Till now we learn how to give input to arduino / MCU and how to take the output as well. Even we learn how to display pre-stored messages on the LCD screen. But that is not the end. Isn’t cool if we can show the message not defined in our program but after uploading the program as well, like in our computer we are able to type and see the messages in the form of text. In this section we will learn 4×3 keypad operating mechanism and then display numbers on screen (4×4 keypad operating mechanism is similar to 4×3), this is a similar concept we used in keypad phones like Nokia 1100.
Keypad/Keyboard is most widely used as an input device. Generally Used with microcontroller and microprocessor based devices. In this section, we will discuss the “4×3” matrix keypad, its basic understanding is important. Here basic refers to its construction and working mechanism of key detection.
Here R1, R2, R3 & R4 refers to row 1, row 2, row 3 & row 4 respectively and C1, C2 & C3 refers to column 1, column 2 & column 3 respectively.
OPERATING MECHANISM OF KEYPAD 4X3 [ BUTTON MATRIX CONCEPT]
We can see clearly there are 12 numbers and/or characters and 12 push-buttons (switch). Each push-button is associated with each number or character.
All the columns are set to HIGH i.e. + 5V and rows to LOW i.e. ground (we can interchange columns to LOW and rows to HIGH according to our convenience, but then we need to change the programming model accordingly).
So if no key has been pressed then all columns will remain HIGH and if the key has been pressed then its corresponding column will give a LOW signal (because it shorted to ground via row). Just suppose we press ‘2’, it is in column 2 and row 1 so as we pressed ‘2’ column 2 will become from HIGH to LOW (because signal directs to the ground without any resistance) but as we release the key 2 it will again becomes high because of pull-up resistor, we read about the concept of pull-up in the previous chapter, here we used pullup resistor of 4.7 K ohm.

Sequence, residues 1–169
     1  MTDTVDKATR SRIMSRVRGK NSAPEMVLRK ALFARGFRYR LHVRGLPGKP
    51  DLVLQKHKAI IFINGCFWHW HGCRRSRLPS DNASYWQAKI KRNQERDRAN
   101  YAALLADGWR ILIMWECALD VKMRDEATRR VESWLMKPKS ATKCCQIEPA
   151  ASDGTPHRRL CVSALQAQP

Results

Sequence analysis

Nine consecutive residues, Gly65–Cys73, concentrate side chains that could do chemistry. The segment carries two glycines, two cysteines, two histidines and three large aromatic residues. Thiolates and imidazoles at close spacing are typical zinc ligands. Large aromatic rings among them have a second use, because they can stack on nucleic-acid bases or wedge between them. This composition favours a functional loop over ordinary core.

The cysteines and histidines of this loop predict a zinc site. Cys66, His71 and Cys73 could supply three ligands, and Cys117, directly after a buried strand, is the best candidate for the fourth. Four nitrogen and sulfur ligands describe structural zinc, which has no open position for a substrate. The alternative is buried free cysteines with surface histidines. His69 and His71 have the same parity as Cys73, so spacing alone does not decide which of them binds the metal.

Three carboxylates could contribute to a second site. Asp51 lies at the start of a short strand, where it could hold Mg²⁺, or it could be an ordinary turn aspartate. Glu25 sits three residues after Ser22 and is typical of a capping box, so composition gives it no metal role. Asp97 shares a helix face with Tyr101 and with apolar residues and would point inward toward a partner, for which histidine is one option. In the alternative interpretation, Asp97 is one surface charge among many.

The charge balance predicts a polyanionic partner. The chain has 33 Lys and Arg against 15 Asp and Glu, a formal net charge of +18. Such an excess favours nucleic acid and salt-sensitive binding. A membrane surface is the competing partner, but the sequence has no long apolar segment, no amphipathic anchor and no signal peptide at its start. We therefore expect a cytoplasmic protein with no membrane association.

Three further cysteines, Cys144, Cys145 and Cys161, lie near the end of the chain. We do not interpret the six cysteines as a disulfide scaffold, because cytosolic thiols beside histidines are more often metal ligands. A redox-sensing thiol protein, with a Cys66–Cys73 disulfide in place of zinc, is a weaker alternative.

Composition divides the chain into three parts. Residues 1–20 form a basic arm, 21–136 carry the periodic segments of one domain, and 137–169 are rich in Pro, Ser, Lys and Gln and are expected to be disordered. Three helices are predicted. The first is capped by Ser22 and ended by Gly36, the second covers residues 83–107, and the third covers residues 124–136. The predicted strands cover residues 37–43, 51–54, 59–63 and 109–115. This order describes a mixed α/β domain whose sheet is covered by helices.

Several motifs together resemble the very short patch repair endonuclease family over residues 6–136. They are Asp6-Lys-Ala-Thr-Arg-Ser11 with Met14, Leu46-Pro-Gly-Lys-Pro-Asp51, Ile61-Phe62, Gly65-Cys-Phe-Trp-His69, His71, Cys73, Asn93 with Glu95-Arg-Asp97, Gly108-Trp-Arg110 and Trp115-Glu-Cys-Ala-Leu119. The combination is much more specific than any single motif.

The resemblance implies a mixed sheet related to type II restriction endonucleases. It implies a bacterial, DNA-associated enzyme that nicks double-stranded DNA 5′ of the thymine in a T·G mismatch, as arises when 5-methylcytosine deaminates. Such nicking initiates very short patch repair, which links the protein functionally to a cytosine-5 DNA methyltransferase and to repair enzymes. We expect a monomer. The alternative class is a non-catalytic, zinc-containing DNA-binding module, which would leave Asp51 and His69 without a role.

LOGIC BEHIND KEY DETECTION OF KEYPAD 4×3
First let us understand the logic to detect the key and print numbers of the First row, as now we have three columns and one row. So there are three possibilities
- Column 1 key pressed
- Column 2 key pressed
- Column 3 key pressed
If column 1 key has been pressed, as row R1 is output type and C1 is input to Arduino, then Arduino will read the logic (state HIGH or LOW) of Row 1 passes through C1 line (same logic we used in reading input from a switch (interface of the switch as input)).
Row 1 should be LOW, so that the microcontroller can detect logic (as we know from both sides HIGH logic will not lead to a potential difference). But if we have multiple rows then we should give logic HIGH to them (R2, R3, R4) to distinguish between R1 and other rows. In short for Row 1 keys
- R1 → LOW
- R2 → HIGH
- R3 → HIGH
- R4 → HIGH
Arduino will continuously read input pin signals, if C1 is LOW means key 1 is pressed, if C2 is LOW means key 2 is pressed and if C3 is LOW means key 3 is pressed.
A. If R1 → LOW, R2 → HIGH, R3 → HIGH and R4 → HIGH
Column 1 key pressed leads to detect ‘1’
Column 2 key pressed leads to detect ‘2’
Column 3 key pressed leads to detect ‘3’
B. If R1 → HIGH, R2 → LOW, R3 → HIGH and R4 → HIGH
Column 1 key pressed leads to detect ‘4’
Column 2 key pressed leads to detect ‘5’
Column 3 key pressed leads to detect ‘6’
C. If R1 → HIGH, R2 → HIGH, R3 → LOW and R4 → HIGH
Column 1 key pressed leads to detect ‘7’
Column 2 key pressed leads to detect ‘8’
Column 3 key pressed leads to detect ‘9’
D. If R1 → HIGH and R2 → HIGH, R3 → HIGH and R4 → LOW
Column 1 key pressed leads to detect ‘*’
Column 2 key pressed leads to detect ‘0’
Column 3 key pressed leads to detect ‘#’